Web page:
October 18, 2017

Frederica Wilson spent years consoling constituents before Trump challenged her

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It wasn’t a coincidence that Frederica Wilson was in the car with the family of Sgt. La David T. Johnson when Donald Trump called.

Wilson, a 74-year-old fourth-term congresswoman from Miami Gardens, has spent years consoling and advocating for victims of gun violence in her overwhelmingly Democratic-leaning district in north Miami-Dade and southern Broward counties.

While Johnson’s death during an Oct. 4 ambush in Niger was different from the dozens of young people who have died from gunfire in Wilson’s district, her hands-on approach toward constituents who are dealing with heartache has been a priority for the former elementary school principal for years.

“When residents of her district are killed she is there to help the family... she is there to help the community cope,” said state Sen. Oscar Braynon, whose Miami Gardens-based district overlaps with much of Wilson’s. “She does what many people ask Donald Trump to do, which is to be a consoler -in-chief.”

Wilson has come out firing after Trump accused her of misrepresenting his words to Johnson’s family during a phone call minutes before Johnson’s body arrived at Miami International Airport on Tuesday.

The congresswoman said she overheard when Trump told Johnson’s family the solder “knew what he signed up for... but when it happens it hurts anyway.”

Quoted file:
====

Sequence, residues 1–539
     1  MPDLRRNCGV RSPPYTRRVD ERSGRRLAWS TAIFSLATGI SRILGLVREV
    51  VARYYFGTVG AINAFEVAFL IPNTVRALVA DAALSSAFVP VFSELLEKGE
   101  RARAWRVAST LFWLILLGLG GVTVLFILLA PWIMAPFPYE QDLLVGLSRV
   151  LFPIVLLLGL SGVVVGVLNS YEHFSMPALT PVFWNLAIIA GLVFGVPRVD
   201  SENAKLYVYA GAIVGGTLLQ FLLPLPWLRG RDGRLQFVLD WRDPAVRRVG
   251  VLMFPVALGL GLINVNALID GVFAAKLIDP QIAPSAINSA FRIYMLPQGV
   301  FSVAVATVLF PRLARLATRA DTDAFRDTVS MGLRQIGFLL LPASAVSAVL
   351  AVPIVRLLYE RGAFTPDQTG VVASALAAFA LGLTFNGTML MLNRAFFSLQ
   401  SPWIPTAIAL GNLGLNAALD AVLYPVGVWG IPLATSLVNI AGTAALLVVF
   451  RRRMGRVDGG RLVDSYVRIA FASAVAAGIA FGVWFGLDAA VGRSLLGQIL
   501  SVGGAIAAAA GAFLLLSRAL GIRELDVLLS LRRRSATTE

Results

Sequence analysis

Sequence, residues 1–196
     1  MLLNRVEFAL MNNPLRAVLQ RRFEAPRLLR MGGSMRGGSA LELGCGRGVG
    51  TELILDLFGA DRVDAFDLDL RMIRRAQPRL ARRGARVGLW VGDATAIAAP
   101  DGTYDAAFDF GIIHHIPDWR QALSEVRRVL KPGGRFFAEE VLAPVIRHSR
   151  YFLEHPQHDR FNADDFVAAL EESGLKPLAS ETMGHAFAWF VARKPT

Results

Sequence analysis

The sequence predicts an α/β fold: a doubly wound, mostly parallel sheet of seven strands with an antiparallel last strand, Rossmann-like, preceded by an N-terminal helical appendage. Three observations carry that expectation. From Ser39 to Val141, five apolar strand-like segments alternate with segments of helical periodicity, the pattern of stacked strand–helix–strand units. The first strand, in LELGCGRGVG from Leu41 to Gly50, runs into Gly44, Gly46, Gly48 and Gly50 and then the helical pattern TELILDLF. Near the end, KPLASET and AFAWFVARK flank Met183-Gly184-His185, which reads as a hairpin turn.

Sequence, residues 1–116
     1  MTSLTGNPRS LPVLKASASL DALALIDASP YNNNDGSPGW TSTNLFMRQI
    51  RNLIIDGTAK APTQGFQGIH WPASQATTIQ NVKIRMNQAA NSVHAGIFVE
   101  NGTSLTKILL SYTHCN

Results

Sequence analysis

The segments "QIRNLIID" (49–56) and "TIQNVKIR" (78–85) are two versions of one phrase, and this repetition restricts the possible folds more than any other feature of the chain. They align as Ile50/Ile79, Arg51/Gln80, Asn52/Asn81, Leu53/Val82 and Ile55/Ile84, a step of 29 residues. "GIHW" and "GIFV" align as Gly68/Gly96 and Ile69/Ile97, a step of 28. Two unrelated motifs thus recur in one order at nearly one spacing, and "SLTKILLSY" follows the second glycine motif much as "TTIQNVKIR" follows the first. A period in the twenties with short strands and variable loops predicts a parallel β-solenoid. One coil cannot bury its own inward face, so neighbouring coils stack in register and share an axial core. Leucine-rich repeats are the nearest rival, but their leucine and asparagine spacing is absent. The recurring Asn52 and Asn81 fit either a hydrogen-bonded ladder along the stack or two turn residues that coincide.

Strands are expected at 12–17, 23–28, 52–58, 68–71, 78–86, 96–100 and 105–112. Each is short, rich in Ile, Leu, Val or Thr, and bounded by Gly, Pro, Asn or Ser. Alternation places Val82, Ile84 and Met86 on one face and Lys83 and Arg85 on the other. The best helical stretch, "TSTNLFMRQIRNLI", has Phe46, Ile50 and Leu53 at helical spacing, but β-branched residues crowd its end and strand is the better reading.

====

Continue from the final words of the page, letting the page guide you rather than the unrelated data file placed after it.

Trump tweeted in response: “Democrat Congresswoman totally fabricated what I said to the wife of a soldier who died in action (and I have proof). Sad!” The president called Johnson’s family nearly two weeks after the fatal ambush in Niger. 

“I still stand by my account of the call b/t Donald Trump and Myeshia Johnson,” Wilson tweeted on Wednesday. “That is her name, Mr. Trump. Not ‘the woman’ or ‘the wife.’”

This isn’t the first time Wilson has waded into a national story on behalf of her majority-black district.

In 2012, 17-year-old Travyon Martin was shot and killed by George Zimmerman while visiting relatives in Central Florida. Martin grew up and attended high school in Wilson’s district, and the congresswoman made a point to insert herself as a voice against Florida’s stand-your-ground law that initially kept Zimmerman from facing charge

“I’m going to say it like I see it. Travyon was hunted down like a rabid dog,” Wilson said in 2012. “He was shot in the street. He was racially profiled.”

Read more here.

May 17, 2017

Braynon to governor: We'll work with you to block override

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Senate Democrats are prepared to work with Gov. Rick Scott to block an override of a veto if he rejects the sweeping education reform bill pushed by House leaders in the final days of session and sold as a take-it or leave-it budget deal, Senate Democratic Leader Oscar Braynon told the Herald/Times.

Pressure is mounting for the governor to veto HB 7069, and potentially the entire K-12 budget, and the 15-member Senate Democratic caucus will play a key role in making sure the Republican-controlled Legislature doesn't override that veto.